Monday, May 3, 2010

Book: Julian Comstock by Robert Charles Wilson

Since I made it a point to read all the Nebula Award nominees, I might as well read all the Hugo nominees as well. This is one that was nominated for the latter, not the former.

The setting is the late 22nd century, after the collapse of the hydrocarbon economy (caled here "the Age of Efflorescence") has devastated the world. North America is united as a United States where the power rests on a triumverate of the Dominion (a sort of State Christianity) the Army, and a Caesarian presidency. Technology seems to be around the level of the mid 19th century.

The narrator, Adam Hazzard, is explicitly naive, and his naivete colors the tone of the book, making it read almost like a Young Adult novel. Hazzard grown up friends with the title character, who's the son of the president's murdered brother. The two (along with Comstock's faithful retainer Sam) are forced to run from their village, and end up having adventures, up to and including Comstock assuming his uncle's position.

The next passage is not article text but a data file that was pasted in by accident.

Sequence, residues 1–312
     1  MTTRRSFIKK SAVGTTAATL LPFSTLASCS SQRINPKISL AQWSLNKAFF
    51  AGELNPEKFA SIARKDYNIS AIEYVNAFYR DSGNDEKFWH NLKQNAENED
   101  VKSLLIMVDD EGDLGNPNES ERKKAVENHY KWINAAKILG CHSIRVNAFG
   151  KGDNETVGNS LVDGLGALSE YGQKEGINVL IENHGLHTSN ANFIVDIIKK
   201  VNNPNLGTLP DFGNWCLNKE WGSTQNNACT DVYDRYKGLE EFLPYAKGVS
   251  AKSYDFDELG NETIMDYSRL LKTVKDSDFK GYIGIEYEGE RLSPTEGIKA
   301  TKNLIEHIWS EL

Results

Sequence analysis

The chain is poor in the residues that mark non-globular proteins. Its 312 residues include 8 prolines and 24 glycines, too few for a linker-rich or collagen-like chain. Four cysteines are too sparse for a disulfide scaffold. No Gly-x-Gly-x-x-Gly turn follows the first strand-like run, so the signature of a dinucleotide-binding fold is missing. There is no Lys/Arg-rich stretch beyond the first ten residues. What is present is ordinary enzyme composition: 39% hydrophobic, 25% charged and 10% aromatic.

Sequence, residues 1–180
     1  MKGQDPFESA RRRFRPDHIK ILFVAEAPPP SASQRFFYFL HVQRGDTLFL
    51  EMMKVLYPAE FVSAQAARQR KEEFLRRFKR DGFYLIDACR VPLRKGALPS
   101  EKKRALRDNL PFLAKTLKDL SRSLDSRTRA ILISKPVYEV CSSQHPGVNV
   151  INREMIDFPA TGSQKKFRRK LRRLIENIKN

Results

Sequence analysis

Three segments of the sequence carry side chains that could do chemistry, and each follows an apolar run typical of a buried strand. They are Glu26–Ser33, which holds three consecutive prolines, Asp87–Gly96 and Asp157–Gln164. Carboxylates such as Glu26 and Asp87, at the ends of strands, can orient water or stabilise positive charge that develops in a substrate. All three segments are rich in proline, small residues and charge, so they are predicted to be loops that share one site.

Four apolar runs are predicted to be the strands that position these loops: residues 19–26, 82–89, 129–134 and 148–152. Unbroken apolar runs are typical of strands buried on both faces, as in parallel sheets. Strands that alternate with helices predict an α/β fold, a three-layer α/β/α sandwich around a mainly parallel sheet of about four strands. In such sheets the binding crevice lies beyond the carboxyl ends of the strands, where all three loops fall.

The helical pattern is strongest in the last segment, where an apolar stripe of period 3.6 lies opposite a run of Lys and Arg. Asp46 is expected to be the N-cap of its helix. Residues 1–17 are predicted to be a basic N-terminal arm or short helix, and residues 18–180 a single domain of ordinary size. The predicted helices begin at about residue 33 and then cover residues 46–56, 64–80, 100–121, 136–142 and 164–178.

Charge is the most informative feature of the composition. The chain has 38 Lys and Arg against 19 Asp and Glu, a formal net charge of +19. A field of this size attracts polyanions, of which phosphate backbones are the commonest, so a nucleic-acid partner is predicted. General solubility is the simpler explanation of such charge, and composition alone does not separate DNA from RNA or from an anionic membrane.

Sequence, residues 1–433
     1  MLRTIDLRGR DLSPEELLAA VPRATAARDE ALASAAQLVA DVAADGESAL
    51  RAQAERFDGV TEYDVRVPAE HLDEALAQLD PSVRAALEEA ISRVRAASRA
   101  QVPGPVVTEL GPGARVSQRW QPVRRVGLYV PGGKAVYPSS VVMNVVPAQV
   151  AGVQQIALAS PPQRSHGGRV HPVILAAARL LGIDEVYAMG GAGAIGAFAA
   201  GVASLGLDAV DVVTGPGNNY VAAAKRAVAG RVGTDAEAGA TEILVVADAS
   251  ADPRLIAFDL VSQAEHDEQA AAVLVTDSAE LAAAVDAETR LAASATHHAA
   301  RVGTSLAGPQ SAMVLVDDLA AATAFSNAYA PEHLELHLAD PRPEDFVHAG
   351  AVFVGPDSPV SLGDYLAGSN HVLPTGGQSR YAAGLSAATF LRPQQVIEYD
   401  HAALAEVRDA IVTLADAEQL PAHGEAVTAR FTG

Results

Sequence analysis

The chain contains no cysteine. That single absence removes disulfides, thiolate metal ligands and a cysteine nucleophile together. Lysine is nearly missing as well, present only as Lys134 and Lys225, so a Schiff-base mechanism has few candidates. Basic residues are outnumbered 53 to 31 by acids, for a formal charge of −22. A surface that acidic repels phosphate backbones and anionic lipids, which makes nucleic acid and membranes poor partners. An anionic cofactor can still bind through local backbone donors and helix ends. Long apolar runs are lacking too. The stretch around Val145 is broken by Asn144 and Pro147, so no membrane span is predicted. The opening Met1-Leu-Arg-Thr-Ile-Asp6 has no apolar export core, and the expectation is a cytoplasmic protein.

The portrayal of a post-industrial society is somewhat interesting, but I felt it was let down by the cheeseballness of the narration, as well as the clumsy foreshadowing.

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